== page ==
So, as I was trotting round the outdoor arena during my horse riding lesson this morning, I was getting increasingly irritated that I just wasn’t quite getting things right – this happens a lot but I’ve never made the connections before (I’ll spare you the technical details, this isn’t about my riding abilities). As I made pretty much the same mistake for the umpteenth time I suddenly recognised that sense of frustration I was feeling. I see it in students all the time when I give feedback. The thing with the riding lesson today was this: I wasn’t trying to do something difficult or complicated, I know what I was meant to be doing and why, I know how to do it and the instructions, guidance and advice given by the instructor made perfect sense. In other words, ‘I get it’ – doesn’t mean I can do it. Sometimes I can feel myself doing it wrong but am too late to correct it, sometimes I don’t realise what has gone wrong until my instructor tells me.
This pattern applies to a lot of the students who have come for feedback on exam performance in particular. They know the law, often they know intricate detail and information about cases that I would have to go look up; they know they need to apply the law to the question they are given, they know why they are doing this and usually also how to do it. Anything I tell them about structuring answers, referring back to the question, imagining what the client in a problem question would want to know, making a point and justifying it with evidence etc, make perfect sense to them – doesn’t mean they can do it.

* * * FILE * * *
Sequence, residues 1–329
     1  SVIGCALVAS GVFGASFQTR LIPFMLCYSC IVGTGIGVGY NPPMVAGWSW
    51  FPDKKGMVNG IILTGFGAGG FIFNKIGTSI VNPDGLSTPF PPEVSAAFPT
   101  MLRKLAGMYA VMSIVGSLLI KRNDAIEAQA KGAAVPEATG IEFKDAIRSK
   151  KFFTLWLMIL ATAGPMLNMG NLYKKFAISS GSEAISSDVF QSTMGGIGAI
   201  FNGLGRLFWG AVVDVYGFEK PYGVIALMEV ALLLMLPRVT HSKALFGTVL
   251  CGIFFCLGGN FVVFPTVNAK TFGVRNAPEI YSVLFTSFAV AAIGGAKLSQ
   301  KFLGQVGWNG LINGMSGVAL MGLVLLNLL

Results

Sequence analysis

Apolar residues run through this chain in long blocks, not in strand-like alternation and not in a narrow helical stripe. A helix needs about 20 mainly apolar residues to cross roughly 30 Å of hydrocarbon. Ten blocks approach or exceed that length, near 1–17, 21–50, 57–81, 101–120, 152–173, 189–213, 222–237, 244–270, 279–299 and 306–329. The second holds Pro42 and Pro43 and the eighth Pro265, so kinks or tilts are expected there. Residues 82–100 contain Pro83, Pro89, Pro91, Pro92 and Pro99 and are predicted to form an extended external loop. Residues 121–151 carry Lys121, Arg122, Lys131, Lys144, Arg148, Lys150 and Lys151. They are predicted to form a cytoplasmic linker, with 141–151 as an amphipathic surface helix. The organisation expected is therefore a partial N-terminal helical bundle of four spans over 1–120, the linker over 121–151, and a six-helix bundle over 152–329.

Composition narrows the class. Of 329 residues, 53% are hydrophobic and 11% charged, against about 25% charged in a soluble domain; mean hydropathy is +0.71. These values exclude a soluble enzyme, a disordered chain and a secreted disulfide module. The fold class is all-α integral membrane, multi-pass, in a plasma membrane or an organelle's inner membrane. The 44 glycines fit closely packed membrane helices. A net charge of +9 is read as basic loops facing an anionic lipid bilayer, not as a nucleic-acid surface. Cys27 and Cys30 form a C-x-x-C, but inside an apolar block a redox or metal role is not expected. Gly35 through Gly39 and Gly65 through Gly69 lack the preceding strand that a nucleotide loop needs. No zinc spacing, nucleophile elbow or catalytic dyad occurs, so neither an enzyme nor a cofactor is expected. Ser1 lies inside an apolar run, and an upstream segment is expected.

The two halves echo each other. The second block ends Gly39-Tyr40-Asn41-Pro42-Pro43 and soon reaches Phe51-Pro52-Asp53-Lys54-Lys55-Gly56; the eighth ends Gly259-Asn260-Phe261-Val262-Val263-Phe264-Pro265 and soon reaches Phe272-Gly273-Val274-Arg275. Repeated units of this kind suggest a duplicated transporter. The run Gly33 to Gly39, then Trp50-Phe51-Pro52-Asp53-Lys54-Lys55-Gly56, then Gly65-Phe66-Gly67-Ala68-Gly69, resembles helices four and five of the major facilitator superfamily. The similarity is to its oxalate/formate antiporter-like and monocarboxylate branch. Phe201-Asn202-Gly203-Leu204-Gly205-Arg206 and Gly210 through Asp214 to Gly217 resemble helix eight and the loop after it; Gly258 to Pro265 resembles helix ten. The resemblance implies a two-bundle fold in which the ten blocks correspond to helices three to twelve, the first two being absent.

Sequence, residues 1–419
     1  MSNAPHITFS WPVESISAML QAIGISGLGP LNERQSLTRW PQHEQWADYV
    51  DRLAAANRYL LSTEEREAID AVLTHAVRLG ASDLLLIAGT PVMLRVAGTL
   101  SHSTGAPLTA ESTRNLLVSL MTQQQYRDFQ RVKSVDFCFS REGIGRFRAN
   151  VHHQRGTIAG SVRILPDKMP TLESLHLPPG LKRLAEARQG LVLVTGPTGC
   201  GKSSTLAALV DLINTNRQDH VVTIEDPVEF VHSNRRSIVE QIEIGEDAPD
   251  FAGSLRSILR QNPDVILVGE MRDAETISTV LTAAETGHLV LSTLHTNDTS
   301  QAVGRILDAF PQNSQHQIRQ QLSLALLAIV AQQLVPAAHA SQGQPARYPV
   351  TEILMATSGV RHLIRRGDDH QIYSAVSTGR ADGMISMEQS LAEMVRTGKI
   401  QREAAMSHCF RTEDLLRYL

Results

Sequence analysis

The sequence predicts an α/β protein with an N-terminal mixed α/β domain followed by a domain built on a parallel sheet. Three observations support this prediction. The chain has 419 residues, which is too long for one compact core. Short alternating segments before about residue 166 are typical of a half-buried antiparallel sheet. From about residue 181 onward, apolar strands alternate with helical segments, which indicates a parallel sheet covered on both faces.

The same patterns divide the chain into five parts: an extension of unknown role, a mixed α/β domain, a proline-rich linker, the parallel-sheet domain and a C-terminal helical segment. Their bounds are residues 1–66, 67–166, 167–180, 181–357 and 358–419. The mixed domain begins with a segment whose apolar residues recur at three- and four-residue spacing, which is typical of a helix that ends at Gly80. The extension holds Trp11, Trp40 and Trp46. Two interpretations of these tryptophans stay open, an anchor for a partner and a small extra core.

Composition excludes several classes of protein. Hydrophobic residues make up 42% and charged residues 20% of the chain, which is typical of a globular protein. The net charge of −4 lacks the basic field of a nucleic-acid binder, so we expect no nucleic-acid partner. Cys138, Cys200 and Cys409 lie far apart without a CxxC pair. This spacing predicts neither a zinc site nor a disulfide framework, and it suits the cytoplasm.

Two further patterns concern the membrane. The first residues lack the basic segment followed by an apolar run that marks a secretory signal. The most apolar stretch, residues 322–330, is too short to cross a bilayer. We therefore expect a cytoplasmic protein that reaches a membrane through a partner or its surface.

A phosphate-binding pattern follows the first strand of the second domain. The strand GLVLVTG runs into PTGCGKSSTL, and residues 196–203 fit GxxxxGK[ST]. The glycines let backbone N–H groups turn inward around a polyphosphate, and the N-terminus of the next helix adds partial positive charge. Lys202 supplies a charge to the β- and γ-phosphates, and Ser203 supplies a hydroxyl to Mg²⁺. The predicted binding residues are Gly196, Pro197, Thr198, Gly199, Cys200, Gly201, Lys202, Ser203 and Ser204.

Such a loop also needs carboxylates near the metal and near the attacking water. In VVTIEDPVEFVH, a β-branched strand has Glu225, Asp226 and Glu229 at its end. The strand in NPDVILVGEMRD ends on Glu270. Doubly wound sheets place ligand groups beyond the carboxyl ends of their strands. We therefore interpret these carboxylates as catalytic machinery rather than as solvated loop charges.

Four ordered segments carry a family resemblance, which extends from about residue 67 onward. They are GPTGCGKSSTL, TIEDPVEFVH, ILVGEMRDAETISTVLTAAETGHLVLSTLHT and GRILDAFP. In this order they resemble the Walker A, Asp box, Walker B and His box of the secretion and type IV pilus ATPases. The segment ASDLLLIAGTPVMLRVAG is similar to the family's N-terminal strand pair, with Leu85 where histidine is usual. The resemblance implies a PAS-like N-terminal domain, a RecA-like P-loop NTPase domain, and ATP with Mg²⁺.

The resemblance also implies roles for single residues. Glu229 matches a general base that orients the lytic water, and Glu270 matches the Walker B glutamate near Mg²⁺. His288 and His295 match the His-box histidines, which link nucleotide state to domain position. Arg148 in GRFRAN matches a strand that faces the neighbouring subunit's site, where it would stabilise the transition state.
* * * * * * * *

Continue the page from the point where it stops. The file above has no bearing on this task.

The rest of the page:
Some of the students genuinely have no idea where it’s all gone wrong, they know it has but they don’t understand why, when they knew the law, knew they needed to apply it and knew how to do it, they still didn’t manage to do it. Others don’t know where it’s all gone wrong and it isn’t until I show them their work and explain that they have given a far too general answer, haven’t fully answered the question or have provided description without analysis that they see that that is what they have done. As soon as I point it out, they agree it’s obvious.
So what can we do about that? The feedback I am giving these students isn’t really anything they don’t already know. We can talk about what I think went wrong and how to improve and not make the same mistakes again – but they either already know that or it is obvious to them once I’ve pointed out the issues with their answers. So what is the solution in my riding lessons? Repetition, practice, different exercises which get at the same thing, every now and again going right back to basics, constant feedback and making sure that the basics are right, intuitive and so solid that they become second nature. If that works for my riding lessons I suspect it works for learning generally. Students need to write more and receive more feedback on their writing. They need to get into a habit of writing, they should write as much as possible and that writing should be critical, analytical, reflective…That may not be a popular thing to say, it means more work for students (writing) and more work for us as lecturers (marking/giving feedback) but I don’t really see any other way.
Now this may all have been completely obvious to all of you but of course the other thing about learning is that it is so much easier with context and experience, and my experience of frustration today nicely set the context for understanding something about my teaching, and feedback in particular, which I hadn’t ever consciously thought about before, which is this: Students often know what they should be doing and theoretically even how to do it but that doesn’t mean that they can do it. They need practice, lots of it!